In his plans to oversee the agency that ministers to New York City’s poorest families, Little wants to use volunteers and local organizations to explore the possibility of decentralizing welfare. He also desires dialogue with foster parents and families affected by the Child Welfare Administration. Little perceives their ideas as crucial in the effective examination of the child-abuse, neglect, and adoption cases the agency handles, as well as in the placement of children in quality foster care facilities. Married with two adult daughters and one foster son, Little attributes his awareness of future responsibilities to his own past: “Had it not been for the special family that helped me and raised me, I wouldn’t be where I am,” he declared in the New York Times. “I have insisted that people who work with me realize they have a special purpose. Working with children is not like making widgets—any decision you make about a person is literally a life-and-death decision.”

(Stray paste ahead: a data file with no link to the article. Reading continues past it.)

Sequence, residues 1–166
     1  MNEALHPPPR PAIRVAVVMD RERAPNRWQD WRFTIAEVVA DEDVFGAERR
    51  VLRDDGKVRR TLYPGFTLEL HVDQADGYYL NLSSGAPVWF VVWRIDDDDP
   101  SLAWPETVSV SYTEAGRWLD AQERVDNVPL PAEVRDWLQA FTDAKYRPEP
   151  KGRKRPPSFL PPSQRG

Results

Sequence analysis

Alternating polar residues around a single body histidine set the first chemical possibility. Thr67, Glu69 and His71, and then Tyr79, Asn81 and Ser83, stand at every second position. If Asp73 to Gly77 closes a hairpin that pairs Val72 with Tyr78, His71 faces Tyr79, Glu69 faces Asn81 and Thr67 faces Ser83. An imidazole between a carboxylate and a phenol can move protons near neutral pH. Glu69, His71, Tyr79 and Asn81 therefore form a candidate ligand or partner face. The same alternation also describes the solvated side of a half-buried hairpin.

Detroit Free Press, February 3, 1991.
New York Times, November 16, 1990; November 18, 1990.